20 Alternatives to Say “Looking Forward to Hearing from You”
The average office worker receives over 120 emails every day.
This means that if you want your email to stand out from the crowd — especially if you’re hoping for a response — you’re going to need to get creative.
While there’s generally nothing wrong with ending your emails with the ever-popular “Looking forward to hearing from you,” there’s nothing really special about it, either.
For emails that need a response, the email sign-off section is make-or-break. You can’t waste space with filler words that are likely to be overlooked.
Here are 20 alternatives to “Looking forward to hearing from you” that will help your email grab your recipient’s attention, whether your approach is casual and laid back or formal and urgent.
Is Ending Your Email With “Looking Forward to Hearing From You” Ok?
There’s absolutely nothing bad, offensive, or otherwise negative about the phrase “Looking forward to hearing from you.” It’s perfectly okay to end your email with this appeal for a response.
That being said, it’s certainly not the most unique option. “Looking forward to hearing from you” is a very common and, arguably, overused expression for signing off an email.
It’s widely used in both personal and business correspondence and indicates to the recipient that you’re hoping to hear back from them.
It’s okay to end your email with this phrase, but there are many alternative options that may suit your needs better.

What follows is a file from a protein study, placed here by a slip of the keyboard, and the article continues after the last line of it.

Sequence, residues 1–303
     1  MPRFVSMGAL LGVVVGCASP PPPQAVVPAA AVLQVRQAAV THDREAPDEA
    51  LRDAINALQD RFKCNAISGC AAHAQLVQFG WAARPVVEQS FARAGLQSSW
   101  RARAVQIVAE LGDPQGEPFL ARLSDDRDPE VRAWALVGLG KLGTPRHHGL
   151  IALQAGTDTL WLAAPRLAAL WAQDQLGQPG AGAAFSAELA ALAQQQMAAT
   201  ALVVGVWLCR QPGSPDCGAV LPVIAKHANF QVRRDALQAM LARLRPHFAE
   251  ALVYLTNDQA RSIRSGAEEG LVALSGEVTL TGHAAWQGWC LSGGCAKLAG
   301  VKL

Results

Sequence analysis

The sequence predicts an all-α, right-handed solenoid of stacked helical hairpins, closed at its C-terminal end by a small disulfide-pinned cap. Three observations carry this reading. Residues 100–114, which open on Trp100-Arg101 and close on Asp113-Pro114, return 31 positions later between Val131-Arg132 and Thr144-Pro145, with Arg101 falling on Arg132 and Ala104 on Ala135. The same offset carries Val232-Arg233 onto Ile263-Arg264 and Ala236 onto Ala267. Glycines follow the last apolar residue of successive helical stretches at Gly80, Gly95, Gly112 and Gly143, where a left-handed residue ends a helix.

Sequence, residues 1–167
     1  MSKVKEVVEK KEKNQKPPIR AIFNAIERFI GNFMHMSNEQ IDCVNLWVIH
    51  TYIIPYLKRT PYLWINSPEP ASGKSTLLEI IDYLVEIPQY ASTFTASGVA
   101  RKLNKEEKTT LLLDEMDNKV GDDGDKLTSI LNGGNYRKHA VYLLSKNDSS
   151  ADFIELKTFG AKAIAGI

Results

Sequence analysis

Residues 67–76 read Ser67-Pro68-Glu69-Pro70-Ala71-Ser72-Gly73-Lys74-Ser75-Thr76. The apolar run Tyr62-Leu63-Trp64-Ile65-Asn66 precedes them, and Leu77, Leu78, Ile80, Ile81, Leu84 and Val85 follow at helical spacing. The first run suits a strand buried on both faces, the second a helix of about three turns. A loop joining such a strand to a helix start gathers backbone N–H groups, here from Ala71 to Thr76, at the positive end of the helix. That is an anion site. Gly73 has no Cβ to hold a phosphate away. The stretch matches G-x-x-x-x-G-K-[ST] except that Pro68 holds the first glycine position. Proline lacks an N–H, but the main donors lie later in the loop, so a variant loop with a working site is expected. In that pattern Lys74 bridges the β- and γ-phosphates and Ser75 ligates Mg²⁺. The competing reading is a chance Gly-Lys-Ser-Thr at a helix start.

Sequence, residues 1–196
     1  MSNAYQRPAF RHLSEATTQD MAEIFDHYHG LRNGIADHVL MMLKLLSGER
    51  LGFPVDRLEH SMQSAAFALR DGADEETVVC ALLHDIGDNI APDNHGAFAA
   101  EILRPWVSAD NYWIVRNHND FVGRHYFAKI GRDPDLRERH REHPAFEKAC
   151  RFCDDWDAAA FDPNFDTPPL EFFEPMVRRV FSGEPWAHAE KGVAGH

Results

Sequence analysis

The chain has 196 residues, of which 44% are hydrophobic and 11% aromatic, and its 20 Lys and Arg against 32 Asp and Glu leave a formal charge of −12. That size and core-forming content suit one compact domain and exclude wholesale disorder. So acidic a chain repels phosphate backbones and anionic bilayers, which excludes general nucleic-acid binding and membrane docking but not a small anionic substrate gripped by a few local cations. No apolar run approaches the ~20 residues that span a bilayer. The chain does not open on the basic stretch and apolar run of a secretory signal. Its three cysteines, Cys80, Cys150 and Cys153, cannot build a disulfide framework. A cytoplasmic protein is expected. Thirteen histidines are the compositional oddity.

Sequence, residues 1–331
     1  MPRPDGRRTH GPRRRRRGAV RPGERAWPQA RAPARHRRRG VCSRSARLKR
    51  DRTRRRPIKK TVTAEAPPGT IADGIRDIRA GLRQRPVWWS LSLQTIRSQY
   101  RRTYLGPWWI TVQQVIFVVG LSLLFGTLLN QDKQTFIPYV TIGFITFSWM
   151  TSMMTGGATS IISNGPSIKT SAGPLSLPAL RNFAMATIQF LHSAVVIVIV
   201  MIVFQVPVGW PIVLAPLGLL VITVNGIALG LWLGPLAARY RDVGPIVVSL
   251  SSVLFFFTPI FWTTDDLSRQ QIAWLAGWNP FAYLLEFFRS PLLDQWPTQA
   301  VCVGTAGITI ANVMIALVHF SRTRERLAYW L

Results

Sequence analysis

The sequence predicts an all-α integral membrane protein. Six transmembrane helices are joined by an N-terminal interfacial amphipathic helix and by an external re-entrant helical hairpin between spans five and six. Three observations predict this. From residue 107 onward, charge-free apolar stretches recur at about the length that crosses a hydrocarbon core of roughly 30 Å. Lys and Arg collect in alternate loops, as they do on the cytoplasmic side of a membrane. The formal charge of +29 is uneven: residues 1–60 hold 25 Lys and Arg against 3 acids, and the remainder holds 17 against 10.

Pros and Cons of Using “Looking Forward to Hearing From You”
If you’re hung up on how to sign off from an email, you might consider weighing the pros and cons of using the closer, “Looking forward to hearing from you.”
“I look forward to hearing from you” is far from the worst thing you could say at the end of an email message.
First, it’s friendly and upbeat. There’s nothing negative about this sign-off, and there’s no risk of your recipient mistaking your tone. This is a particularly solid closing line for sending emails to people with whom you’re already familiar.
“Looking forward to hearing from you” can also be effective because it’s very clear in the request: please respond to this email. This sign-off clearly implies that a reply is expected, which can prompt the recipient to do so sooner rather than later.
On the other hand, there are also some definite cons to using the phrase.
The first reason that “Looking forward to hearing from you” could be problematic is that it’s overused. Everyone has used it at some point in their email-writing life, and many people fall back on it subconsciously in many emails they send.
Because of how common it is, the phrase has a tendency to be overlooked or ignored. The words almost seem like they blend into the page. If you really need a response from the recipient, you’ll want to sign off with something that’s more than just placeholder text.